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The Orca or Whale is known as the guardian of the sea and a symbol kindness. Orcas live in pods or family groups that live and hunt together. It is because of this nature that they are known for their strong sense of family values and unity in numbers. In Pacific Northwest Coast First Nations art the Orcas features include a blowhole, a dorsal fin, a pectoral fin, and a tail with asymmetrical or symmetrical flukes.
Lyle Campbell is part of the Eagle clan, and is a member of the Sta-Sta-aas-Songalth Tribe of the Kaighani Haida. He started drawing at the age of eight, and carving at the age of fourteen. Lyle spent two years studying formal design, and one year at the Gitanmaax School of Northwest Coast Indian Art at K'san in Hazelton, BC. He has had the privilege of working with many talented artists, including Haida artist Robert Davidson and Tsimshian artist Henry Green. While Lyle is perhaps best known for his wood carving, his skills are incredibly diverse. He has produced silver and gold jewellery, original paintings, and limited edition prints. In recent years, Lyle has been creating many large masks and totem poles. Between 2002 and 2007, Lyle created nine totem poles which ranged between eight and twelve feet in height.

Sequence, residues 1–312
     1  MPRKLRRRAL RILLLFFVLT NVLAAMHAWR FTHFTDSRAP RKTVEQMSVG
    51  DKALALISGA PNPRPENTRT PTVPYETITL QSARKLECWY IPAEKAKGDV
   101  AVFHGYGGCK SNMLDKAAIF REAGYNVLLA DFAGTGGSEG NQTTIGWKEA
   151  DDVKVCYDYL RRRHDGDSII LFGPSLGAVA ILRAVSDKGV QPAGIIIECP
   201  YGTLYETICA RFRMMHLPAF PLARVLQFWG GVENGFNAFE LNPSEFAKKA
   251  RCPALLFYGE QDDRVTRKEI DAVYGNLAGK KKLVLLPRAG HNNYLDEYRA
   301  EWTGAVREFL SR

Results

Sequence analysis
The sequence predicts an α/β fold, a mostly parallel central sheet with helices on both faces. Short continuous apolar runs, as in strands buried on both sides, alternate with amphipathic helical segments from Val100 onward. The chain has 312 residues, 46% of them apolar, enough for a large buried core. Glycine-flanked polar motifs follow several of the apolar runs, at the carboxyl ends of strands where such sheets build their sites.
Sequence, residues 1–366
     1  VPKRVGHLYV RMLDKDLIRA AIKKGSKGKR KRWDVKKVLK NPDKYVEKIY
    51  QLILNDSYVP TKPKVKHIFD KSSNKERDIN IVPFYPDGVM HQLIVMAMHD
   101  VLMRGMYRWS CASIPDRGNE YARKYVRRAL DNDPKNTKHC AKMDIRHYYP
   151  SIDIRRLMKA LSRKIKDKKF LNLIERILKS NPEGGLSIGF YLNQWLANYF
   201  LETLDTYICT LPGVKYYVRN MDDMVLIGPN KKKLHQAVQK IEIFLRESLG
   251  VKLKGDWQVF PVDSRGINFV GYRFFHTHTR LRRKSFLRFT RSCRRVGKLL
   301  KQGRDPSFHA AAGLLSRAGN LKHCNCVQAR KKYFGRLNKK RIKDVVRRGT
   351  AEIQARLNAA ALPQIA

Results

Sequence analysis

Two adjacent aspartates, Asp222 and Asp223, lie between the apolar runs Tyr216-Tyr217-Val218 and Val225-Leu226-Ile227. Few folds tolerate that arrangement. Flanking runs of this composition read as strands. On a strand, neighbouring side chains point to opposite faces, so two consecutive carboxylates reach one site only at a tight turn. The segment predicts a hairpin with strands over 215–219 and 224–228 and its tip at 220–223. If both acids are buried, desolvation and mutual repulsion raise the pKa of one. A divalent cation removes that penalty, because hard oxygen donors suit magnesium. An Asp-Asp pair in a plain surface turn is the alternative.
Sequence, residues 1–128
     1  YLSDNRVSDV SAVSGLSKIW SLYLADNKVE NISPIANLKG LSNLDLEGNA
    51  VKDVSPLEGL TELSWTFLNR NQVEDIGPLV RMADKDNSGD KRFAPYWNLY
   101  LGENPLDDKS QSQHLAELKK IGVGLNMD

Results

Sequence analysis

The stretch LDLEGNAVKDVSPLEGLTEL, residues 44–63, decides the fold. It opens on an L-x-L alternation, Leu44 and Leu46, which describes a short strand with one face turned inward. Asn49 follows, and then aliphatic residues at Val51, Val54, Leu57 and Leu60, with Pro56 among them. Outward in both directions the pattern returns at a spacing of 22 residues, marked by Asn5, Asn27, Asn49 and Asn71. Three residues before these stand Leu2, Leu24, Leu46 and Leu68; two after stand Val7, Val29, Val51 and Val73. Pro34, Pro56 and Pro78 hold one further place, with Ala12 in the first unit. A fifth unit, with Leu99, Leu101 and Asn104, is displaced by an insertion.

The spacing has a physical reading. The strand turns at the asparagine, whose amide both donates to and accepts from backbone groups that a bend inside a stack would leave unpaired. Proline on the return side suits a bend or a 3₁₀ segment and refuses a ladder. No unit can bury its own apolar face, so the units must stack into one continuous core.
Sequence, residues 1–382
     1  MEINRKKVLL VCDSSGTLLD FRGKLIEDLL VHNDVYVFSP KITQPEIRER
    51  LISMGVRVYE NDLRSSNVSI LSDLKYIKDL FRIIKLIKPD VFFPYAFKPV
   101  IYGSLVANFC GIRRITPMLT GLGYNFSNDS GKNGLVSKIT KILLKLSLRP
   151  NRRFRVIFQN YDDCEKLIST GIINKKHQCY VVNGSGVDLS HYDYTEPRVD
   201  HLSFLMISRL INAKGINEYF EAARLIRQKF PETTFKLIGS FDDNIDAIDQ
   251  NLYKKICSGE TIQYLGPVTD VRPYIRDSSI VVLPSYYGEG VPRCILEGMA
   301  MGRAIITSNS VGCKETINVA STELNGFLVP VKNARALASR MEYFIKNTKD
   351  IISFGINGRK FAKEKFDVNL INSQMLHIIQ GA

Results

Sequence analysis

Following a 10 year hiatus from the art world, Lyle has reinvented himself as an artist once again. Lyle has developed a new style, which incorporates free-flowing design, bright colours, and a contemporary perspective while remaining true to the traditional Northwest Coast formline.